Islands for sale!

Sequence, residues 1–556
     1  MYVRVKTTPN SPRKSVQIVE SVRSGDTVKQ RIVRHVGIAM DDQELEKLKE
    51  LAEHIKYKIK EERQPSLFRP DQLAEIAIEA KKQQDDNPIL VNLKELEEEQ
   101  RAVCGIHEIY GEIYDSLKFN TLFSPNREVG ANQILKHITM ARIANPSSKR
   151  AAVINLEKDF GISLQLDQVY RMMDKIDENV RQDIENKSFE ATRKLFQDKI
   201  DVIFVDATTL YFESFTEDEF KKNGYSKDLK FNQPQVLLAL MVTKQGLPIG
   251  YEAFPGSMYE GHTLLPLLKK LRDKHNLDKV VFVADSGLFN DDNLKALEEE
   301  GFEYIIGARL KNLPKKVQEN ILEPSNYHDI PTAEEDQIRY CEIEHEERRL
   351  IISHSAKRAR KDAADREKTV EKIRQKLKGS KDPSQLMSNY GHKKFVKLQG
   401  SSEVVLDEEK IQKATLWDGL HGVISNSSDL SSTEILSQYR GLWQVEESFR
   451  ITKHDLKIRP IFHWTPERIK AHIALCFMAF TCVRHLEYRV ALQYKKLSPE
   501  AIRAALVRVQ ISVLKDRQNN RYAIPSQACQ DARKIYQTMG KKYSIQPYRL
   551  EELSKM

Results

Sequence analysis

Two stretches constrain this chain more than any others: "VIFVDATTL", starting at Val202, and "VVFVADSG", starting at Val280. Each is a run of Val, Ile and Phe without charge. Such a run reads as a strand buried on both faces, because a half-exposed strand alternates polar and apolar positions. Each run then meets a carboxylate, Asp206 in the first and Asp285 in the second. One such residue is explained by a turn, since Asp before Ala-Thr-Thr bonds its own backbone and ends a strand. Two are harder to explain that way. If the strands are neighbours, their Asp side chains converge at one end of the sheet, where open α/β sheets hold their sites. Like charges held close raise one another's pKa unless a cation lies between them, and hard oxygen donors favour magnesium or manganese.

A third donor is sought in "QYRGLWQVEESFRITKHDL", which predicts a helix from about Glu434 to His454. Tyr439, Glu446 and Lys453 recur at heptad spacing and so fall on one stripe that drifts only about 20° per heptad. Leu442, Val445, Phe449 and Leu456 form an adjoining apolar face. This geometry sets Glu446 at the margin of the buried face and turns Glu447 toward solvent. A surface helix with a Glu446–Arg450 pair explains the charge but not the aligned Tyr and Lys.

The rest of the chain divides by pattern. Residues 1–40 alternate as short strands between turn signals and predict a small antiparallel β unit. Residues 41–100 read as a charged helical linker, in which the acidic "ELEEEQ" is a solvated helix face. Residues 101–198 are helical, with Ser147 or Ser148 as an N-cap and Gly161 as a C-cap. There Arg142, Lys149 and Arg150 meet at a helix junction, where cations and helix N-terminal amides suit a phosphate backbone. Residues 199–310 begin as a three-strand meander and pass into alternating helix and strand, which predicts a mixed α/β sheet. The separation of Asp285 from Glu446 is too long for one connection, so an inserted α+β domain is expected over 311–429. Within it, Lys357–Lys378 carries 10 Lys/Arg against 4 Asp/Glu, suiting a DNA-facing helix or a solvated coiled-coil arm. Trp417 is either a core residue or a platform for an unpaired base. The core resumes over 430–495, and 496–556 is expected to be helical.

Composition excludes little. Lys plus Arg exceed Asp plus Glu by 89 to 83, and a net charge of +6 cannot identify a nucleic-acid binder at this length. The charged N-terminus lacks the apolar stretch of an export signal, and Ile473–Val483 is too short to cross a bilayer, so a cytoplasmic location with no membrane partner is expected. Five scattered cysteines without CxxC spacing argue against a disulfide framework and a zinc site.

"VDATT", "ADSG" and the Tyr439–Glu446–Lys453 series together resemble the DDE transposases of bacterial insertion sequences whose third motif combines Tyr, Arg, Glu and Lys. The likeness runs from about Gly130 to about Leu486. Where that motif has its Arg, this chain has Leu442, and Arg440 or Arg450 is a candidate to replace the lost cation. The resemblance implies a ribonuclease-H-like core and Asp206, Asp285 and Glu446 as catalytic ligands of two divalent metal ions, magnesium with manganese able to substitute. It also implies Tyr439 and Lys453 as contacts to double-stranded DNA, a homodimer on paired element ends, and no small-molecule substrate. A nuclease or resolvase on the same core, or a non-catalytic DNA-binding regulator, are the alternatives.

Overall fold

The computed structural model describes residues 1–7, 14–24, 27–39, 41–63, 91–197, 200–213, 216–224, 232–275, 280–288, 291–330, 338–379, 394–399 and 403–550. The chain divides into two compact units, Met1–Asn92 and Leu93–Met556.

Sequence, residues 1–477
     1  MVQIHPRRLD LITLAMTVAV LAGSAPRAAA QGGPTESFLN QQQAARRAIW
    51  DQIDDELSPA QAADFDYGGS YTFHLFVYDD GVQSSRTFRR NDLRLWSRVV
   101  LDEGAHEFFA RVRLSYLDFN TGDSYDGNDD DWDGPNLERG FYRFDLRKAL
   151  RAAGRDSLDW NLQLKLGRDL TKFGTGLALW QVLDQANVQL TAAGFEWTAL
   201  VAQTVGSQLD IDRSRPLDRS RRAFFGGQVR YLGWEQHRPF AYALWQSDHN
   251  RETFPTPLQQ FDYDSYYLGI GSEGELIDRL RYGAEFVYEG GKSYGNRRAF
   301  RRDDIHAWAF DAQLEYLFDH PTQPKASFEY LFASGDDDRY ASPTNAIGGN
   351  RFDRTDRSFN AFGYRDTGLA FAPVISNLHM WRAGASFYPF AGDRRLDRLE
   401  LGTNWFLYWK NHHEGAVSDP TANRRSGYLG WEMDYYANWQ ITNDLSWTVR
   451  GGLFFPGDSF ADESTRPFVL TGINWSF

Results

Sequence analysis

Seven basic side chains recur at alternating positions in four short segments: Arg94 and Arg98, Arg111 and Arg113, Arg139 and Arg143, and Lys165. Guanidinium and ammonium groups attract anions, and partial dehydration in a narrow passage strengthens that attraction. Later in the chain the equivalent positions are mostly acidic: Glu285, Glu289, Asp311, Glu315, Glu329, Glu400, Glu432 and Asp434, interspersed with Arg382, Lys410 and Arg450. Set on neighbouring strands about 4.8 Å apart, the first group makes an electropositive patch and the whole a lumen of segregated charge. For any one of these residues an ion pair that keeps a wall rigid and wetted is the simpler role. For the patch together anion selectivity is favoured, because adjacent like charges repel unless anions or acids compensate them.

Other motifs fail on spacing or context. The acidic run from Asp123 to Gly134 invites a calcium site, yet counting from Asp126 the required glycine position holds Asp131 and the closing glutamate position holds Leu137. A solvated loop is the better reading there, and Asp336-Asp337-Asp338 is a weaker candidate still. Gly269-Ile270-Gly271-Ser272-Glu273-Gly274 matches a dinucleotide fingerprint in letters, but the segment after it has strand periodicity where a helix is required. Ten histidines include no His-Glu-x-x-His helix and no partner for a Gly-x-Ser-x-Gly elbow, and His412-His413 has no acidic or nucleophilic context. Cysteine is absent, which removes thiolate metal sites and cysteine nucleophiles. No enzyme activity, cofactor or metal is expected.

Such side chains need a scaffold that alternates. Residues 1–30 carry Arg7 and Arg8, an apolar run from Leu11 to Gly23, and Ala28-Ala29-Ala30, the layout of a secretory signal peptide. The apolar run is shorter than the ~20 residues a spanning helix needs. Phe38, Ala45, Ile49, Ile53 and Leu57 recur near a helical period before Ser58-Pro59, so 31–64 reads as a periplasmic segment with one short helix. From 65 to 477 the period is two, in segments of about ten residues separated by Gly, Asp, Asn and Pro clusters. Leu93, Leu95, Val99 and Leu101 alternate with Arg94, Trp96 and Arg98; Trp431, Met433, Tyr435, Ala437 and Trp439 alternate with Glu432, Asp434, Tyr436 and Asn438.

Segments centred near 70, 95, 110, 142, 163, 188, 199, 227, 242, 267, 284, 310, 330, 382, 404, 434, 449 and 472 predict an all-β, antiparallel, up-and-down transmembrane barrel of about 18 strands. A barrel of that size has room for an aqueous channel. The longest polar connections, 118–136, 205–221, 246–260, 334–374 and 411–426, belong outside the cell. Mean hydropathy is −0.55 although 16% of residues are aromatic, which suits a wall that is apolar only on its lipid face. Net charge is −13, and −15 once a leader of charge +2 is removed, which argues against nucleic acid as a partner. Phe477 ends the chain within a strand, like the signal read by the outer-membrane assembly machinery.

Greece has plenty! All it needs is a lot of money! Owning your own island is a dream that has long attracted the super-rich - from film stars to shipping tycoons, celebrity athletes to rock stars. But it might be also YOUR dream………. Private islands are “a slice of paradise where we can set our own rules and create a vision of the world as it should be”, says Mr. Vladi of “Vladi Private Islands”, an international broker. Since Greece has a lot of islands and months of glorious weather, Greece is the prime market for private islands in Europe. According to the Greek National Tourism Organisation (EOT), the Greek state comprises 6,000 islands, scattered across the Aegean and Ionian seas. Of these, only 227 are inhabited, 78 of which have more than a hundred inhabitants each. According to the Greek finance ministry, about 60 islands are in the private hands of companies, groups or individuals. Island ownership in Greece among the super-rich was glamorized after shipping billionaire Aristotle Onassis bought the island Skorpios in 1961. Even the Beatles considered buying Greek islands - one for each band member - in the 1960s. According to the listings of two international island brokers and one Greek property agent, there are more than two-dozen Greek islands currently on the market. They range in size from the tiny St Athanasios (0,01km2) in the Gulf of Corinth to the massive Ionian island of Nafsika, whose almost 5km2 make it larger than Monaco or the Vatican. Following Mr. Vladi, the problem with Greek islands is that they are mostly rather big and very expensive, compared to other islands in other countries. Since 1971, Mr. Vladi has sold well over 2,000 islands in the whole world. As he says, “the great majority” of island transactions has been between 140,000 and 560,000 euros, with the average price being about 210,000 euros. In Greece prices are much higher. Nonetheless the high prices, the Greek island market continues to attract interest, predominantly from serious European businesspeople, whose presence in the country would bring “prestige, jobs and capital”. Restrictions Smaller islands are often bought by people looking for a second home. However, having the financial means to buy an island is one thing, but constructing the necessary infrastructure for it is quite another. Usually people who buy these islands tend to be entrepreneurial and want to put their own mark on the island. The problem rising in Greece is that any island development requires the authorization from the ministries of defence, environment and culture. Island purchasers face the difficult task of securing anything from 25 to 30 permits from the Greek authorities.